Perhaps you’ve been surrounded lately by discussions about Healthy People 2020 or Public Health 3.0 and how your health department can achieve it. Public health practice is being enhanced and broadened as pioneering local public health departments shift focus to address social determinants of health (or upstream determinants of health) and collaboration across non-traditional sectors, and embrace of the role of the Chief Health Strategist. This public health modernization is what the US Department of Health & Human Services is calling, “Public Health 3.0.”
For more background on Public Health 3.0, check out our article, “10 Basic Things You Need to Know About Public Health 3.0.”
The US Department of Health & Human Services Public Health 3.0 Whitepaper issues a challenge to public health workers, “Public health leaders should embrace the role of Chief Health Strategist for their communities—working with all relevant partners so that they can drive initiatives including those that explicitly address ‘upstream’ social determinants of health.” The Community Health Strategist is integral to coalition-led efforts that transform public health.
“Public health leaders should embrace the role of Chief Health Strategist for their communities—working with all relevant partners so that they can drive initiatives including those that explicitly address ‘upstream’ social determinants of health.”
US Department of Health & Human Services
But what exactly does that mean and how can your local public health department take practical steps to achieve this?
What is a Chief Health Strategist?
According to the Public Health Foundation (PHF), “…a Community Chief Health Strategist is an engaged change leader (or group of leaders) who builds community coalitions that investigate and take action to make meaningful progress on a community health issue.” The PHF goes on to say, “As a result of this engagement the organization can assume a role beyond its walls, as an anchor facilitating multi-sector initiatives that involve numerous community stakeholders.”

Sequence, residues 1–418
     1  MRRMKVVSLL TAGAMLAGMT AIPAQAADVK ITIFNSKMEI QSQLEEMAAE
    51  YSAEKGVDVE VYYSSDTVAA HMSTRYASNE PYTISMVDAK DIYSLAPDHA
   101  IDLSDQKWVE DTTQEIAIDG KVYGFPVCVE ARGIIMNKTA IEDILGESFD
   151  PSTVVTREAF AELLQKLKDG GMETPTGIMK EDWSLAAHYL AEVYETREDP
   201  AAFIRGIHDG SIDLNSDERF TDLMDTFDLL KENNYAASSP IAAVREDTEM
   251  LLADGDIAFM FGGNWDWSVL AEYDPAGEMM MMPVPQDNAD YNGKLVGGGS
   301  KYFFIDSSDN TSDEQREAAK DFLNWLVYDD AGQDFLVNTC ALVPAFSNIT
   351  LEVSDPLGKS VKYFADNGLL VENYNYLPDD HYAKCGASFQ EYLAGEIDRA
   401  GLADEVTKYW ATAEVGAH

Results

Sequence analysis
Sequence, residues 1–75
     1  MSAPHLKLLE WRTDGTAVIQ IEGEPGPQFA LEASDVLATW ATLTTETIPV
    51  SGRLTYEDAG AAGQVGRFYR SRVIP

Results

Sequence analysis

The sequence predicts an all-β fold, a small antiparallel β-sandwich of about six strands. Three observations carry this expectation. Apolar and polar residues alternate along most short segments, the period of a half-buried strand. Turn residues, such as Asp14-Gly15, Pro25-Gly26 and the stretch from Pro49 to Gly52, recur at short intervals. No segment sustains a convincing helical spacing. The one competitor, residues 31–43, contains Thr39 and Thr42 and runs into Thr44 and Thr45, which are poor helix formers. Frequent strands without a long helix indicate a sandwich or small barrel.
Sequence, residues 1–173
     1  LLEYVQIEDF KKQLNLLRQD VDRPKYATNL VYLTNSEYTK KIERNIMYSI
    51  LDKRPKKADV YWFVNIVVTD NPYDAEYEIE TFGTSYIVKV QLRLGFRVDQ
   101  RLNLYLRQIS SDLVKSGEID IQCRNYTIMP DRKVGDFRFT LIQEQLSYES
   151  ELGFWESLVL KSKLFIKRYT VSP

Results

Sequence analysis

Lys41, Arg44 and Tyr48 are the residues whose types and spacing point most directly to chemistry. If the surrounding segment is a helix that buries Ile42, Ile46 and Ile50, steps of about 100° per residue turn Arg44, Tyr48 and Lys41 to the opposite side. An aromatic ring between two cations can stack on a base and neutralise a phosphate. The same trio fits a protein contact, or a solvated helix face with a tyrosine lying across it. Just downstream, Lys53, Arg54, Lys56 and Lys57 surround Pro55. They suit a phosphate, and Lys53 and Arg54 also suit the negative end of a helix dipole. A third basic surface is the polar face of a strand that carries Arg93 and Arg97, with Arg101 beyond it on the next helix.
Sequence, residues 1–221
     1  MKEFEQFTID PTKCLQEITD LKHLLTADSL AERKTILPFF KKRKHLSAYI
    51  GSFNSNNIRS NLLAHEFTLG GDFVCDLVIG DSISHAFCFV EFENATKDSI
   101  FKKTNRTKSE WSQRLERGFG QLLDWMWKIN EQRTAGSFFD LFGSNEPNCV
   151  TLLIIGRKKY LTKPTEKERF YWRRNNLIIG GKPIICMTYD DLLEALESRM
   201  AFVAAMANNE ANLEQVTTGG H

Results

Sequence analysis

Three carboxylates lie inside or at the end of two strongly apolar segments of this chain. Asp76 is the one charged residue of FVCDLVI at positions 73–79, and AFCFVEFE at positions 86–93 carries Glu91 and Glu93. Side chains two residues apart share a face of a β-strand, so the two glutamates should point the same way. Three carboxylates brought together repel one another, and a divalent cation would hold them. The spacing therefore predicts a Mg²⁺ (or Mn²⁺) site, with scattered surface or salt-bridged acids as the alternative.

RESOLVE’s 2014 paper, The High Achieving Governmental Health Department in 2020 as the Community Health Strategist outlines the role of a chief health strategist as, “chief health strategists will lead their community’s health promotion efforts in partnership with health care clinicians and leaders in widely diverse sectors, from social services to education to transportation to public safety and community development. The emphasis will be on catalyzing and taking actions that improve community well-being, and such high achieving health departments will play a vital role in promoting the reorientation of the health care system towards prevention and wellness.”
Who is the Chief Health Strategist?
The role of chief health strategist in a community may be filled by an elected official, a hospital, some other private entity, or a public health agency. NACCHO particularly encourages local health departments to fill this role. In a paper from 2016 they state, “Local health departments are uniquely positioned to fill this role through their experience in providing essential services and leadership, engaging communities to identify and support policy situations, and collecting, analyzing, and sharing data.”